Co-operators are set to take action against the Co-operative Bank if it continues to take the ‘co-operative’ name while only holding a minority stake in the business.
If the Co-operative Group’s ownership of the Bank is reduced to 30 per cent, then the business ceases to be a mutual, according to the definition of a co-operative from the International Co-operative Alliance, which describes it as a “jointly-owned and democratically controlled enterprise”.
Co-operative lawyer Ian Snaith said it is a “shocking idea” that the ‘co-operative’ name could be used in this way and, in an article published by the News, said it is “legally questionable as well as being unethical”.
He added: “The new owners are welcome to choose a new name that expresses their ethical intentions and brand. There is no problem about making the bank sound “cuddly”. They can have an “ethical” board to try to keep the brand’s image. They can amend the Articles of Association. They must not say that it’s a co-operative when it isn’t. That is disreputable.”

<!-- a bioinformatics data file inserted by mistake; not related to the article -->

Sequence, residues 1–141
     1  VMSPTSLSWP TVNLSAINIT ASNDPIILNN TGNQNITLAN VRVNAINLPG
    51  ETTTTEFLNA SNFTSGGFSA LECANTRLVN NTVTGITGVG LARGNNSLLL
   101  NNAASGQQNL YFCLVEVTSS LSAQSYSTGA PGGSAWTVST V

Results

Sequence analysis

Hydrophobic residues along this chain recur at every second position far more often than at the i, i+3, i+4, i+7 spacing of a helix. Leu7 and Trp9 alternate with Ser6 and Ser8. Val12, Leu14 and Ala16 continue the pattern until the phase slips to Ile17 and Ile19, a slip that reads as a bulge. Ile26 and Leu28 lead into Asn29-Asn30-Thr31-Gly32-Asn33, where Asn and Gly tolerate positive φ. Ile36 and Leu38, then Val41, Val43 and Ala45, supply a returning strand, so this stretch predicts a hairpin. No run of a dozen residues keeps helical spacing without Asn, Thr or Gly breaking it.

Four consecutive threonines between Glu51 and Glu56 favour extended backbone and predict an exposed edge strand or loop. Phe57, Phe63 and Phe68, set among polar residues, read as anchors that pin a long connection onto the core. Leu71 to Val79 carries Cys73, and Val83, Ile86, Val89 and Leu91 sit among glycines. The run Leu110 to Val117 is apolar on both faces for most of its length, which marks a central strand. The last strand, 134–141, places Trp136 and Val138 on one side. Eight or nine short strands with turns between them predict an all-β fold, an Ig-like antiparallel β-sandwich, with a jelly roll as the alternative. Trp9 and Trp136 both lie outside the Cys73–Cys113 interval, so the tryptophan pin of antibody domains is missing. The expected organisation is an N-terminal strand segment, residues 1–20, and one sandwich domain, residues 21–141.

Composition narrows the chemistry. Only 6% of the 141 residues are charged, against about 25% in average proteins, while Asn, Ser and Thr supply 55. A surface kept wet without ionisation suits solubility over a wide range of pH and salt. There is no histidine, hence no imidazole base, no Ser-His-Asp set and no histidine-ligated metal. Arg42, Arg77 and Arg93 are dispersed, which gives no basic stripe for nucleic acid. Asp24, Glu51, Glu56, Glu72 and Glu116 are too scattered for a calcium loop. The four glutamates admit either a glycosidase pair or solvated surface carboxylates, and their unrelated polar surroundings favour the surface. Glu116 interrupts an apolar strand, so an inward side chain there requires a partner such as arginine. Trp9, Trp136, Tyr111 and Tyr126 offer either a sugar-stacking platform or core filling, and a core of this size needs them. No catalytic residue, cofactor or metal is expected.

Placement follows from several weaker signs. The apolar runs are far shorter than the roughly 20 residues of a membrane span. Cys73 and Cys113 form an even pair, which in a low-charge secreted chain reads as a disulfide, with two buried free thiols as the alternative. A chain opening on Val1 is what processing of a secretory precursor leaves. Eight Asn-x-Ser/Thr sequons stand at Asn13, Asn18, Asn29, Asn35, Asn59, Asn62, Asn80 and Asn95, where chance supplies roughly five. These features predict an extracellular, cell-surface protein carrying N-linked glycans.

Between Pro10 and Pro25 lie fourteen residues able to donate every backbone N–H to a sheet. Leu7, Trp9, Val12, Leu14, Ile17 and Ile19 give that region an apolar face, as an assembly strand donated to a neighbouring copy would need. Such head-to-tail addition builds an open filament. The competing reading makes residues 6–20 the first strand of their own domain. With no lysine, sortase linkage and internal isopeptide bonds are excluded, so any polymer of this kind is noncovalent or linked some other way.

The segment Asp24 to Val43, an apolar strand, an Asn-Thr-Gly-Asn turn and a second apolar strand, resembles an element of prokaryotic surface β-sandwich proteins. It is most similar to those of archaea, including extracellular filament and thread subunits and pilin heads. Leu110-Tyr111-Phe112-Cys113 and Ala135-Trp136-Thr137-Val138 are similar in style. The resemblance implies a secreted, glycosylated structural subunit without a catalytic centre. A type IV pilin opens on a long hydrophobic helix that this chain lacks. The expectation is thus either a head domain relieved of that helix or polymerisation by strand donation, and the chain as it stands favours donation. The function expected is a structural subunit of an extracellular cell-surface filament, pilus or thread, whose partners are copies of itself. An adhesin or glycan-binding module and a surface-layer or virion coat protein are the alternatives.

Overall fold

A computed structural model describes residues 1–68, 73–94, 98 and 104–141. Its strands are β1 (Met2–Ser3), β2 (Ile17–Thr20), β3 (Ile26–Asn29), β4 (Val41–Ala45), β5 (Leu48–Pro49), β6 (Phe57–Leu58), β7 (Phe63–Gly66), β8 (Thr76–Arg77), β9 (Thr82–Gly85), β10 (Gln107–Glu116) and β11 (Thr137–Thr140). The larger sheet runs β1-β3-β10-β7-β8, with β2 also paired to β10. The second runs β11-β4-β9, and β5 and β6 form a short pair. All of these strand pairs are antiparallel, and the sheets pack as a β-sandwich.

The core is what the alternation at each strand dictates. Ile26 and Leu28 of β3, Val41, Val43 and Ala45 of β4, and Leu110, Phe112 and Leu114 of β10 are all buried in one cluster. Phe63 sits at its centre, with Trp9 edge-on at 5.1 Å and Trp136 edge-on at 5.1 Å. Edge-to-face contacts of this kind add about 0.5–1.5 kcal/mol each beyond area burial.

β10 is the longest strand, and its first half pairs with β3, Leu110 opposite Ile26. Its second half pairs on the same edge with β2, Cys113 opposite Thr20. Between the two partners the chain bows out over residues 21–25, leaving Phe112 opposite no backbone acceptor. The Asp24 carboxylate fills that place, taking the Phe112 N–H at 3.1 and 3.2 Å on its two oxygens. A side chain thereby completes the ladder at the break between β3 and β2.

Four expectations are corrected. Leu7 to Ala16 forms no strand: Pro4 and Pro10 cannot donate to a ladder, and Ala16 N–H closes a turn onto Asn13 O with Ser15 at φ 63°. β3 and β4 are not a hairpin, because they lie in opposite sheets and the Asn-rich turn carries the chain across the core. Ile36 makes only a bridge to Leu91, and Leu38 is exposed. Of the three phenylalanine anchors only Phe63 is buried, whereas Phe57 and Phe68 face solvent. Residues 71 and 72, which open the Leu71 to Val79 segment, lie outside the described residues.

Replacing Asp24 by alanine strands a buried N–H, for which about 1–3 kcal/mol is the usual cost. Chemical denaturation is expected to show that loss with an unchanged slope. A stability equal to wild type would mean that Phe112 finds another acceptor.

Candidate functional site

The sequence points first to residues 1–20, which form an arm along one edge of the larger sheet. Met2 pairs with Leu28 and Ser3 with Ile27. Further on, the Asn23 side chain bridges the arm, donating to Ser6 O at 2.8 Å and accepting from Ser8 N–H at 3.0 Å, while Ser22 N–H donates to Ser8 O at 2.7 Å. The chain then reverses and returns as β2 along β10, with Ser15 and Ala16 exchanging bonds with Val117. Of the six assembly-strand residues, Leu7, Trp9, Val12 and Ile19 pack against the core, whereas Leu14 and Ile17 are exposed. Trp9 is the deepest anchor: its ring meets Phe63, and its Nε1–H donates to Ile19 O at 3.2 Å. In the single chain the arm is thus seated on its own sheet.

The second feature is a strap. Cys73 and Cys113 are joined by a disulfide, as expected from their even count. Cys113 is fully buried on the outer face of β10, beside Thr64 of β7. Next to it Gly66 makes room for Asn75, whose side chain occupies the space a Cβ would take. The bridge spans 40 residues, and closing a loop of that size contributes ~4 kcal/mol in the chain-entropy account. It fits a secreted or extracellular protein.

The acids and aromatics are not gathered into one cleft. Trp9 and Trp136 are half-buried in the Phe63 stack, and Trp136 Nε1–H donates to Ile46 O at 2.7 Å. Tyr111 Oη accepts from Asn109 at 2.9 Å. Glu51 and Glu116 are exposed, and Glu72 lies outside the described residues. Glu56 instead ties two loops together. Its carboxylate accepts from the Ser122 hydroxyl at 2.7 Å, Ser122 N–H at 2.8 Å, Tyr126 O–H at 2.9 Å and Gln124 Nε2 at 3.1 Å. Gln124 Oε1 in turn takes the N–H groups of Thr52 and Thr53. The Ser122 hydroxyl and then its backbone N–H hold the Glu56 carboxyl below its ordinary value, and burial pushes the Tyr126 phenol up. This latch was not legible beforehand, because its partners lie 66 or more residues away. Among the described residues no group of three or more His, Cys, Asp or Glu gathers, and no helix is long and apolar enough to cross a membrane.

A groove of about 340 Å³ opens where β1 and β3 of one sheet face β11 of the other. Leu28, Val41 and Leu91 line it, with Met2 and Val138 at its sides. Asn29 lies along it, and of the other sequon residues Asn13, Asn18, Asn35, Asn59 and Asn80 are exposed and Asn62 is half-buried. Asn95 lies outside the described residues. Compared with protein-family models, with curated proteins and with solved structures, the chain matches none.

In an article for the News, Ed Mayo, Secretary General of Co-operatives UK, said: “The assumption is that the Co-operative Bank will now be an investor-owned business, subject to stock market equity pricing – in short that it will not be a co-operative, or owned in line with core co-operative principles
“Whether this is the case must depend on a reading of the full prospectus and formal constitution of the new Bank – and whether these are accepted by all the relevant parties. We have already indicated that if we believe that it is not a co-operative, then we would argue vigorously for a review of the name.”
He added: “There are some indications that co-operative values may be locked into the core purpose of the Bank. If so, then the Co-operative Group deserves credit for a creative model that will be new to the UK. This is what in other countries is called a Public Benefit Corporation – profit-seeking, but with a wider public purpose enshrined in its goals.”